I had heard that it was someone else that actually played golf with George and then introduced him to President Lubbers.
Well it might have been Bernie Young, who introduced them and set it up. Bernie and Betty Young are friends of the Gordons. I believe they may have a connection to Grand Valley. I really don’t know enough of the particulars. I just knew they were on their way to this first room at Grand Valley. They were hung kind of salon style and I think George was very happy – for a few moments, by which I mean a few years. He realized some of the paintings were hung too high to really be able to see them well. Then the decision was made to build on another gallery. I’m not sure of the particulars about that, but I think George was instrumental, by giving some money and guess what? – We still need to buy paintings. And I think this may have been instrumental in the expansion; that he continued to buy paintings because there is a place they can go.
By the time the paintings were here, I think George started to look at the Alten paintings in terms of the totality of his career. What should it be that we have there? Do we need to duplicate some of the subject matter? Are there paintings that would suddenly start to flush out the collection more – to continue to tell the Alten story? So then that became sort of my marching orders. These were the things I’d be calling George about. Now interestingly enough, he himself had already done some of that. But some of those paintings, like Tarpon Springs over here, were not his favorites, but he understands that it needs to be part of the complete collection.
What were/are some of his favorites?
I believe his favorites are the Michigan landscapes. “Misty Morn” (actual title is Morning Mist) which was done in 1908, which he bought, I’m going to say back in the early to mid-‘90s. That just somehow hit him. And actually, I don’t know if you’ve been to his house, it’s not a large house. But he and Barbara have chairs, and I think they sit in them every night with a cocktail and they’re looking down at six to eight paintings, one of them is “Misty Morning,” (actual title is Morning Mist) he even had gallery lighting installed. “Gosh,” he’d come in and tell 8 me, “I was looking at that painting last night...” so now he is able to do what you do when collecting, which is the opportunity to study your paintings all the time and really look at them. He understood too, when he looked around the gallery, that not all of the paintings are as strong as others. So we don’t necessarily have to have all of those paintings, but rather the best, and how often do the best come up? And just as soon as he says, “I think I’m done,” I don’t ever believe it. Jim Straub will tell me that he thinks George is done and then the next week George comes by and says, “Gosh, that’s an interesting painting.”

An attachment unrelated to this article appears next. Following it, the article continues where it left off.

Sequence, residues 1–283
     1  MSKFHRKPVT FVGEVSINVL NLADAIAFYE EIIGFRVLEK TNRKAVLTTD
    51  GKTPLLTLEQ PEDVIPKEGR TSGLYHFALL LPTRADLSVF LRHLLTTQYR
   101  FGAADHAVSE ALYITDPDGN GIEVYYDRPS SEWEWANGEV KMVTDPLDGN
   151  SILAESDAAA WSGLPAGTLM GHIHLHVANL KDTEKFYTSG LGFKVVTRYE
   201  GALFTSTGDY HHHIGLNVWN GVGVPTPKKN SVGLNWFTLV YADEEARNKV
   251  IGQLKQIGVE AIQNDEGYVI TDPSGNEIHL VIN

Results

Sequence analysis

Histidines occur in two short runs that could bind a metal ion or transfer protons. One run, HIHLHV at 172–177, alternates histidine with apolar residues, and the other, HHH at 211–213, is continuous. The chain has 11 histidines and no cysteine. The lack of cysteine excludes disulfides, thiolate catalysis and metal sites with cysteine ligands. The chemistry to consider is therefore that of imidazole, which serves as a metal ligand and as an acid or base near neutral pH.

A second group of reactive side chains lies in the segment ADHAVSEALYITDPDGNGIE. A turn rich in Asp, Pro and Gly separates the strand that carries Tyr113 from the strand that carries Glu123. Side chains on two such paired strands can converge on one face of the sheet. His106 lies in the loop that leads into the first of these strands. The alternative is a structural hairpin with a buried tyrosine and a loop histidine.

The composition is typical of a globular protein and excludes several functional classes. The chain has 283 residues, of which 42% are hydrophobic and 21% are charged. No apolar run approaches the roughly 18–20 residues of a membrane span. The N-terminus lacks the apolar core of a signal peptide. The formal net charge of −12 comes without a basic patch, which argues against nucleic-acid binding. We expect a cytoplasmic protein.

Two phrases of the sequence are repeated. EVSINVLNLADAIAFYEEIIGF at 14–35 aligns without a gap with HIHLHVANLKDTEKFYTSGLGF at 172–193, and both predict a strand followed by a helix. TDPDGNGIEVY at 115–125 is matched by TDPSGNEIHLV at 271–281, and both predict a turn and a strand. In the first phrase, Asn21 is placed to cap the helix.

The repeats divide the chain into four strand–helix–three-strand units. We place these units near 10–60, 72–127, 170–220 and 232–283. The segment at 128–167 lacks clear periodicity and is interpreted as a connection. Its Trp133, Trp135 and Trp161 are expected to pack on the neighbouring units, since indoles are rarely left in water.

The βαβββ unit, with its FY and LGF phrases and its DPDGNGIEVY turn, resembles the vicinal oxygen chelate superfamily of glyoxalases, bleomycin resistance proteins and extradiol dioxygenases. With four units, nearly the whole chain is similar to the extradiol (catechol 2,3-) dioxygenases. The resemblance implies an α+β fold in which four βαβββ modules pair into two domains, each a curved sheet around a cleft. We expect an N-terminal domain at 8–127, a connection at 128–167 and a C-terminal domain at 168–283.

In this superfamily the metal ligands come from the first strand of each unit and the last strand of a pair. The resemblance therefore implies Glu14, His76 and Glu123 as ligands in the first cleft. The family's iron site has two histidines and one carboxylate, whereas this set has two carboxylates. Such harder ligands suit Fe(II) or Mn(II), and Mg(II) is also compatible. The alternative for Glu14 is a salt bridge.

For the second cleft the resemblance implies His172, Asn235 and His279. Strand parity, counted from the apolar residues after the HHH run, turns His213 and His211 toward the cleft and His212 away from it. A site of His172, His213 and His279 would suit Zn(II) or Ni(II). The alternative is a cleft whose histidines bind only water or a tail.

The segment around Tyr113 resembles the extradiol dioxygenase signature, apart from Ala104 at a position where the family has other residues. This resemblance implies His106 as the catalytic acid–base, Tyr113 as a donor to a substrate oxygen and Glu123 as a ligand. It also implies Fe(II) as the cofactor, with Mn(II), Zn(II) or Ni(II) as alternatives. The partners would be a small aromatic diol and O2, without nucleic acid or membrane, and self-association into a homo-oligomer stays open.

This whole book thing started – with Eerdmans, who wanted to do books on major artists of Grand Rapids: Alten, Wydinaar and Merizon. Someone who knew about Jim Straub’s Catalog Raisonné said, why don’t you publish that? And well, it was just too bulky, with so many images, it is really better for an online presentation. So Jim had gotten invited to this meeting and it was discussed about doing something with the Gordon Gallery collection. George was in Florida at this time. But he got all excited about it. Then when Jim talked to him about it, George said he wasn’t really interested. So when Jim comes to tell me that I say, “Jim, you went about it out of context. You only bring things like this up when you know the answer is going to be yes, and you have to lay the ground work for all of this.” “Oh.”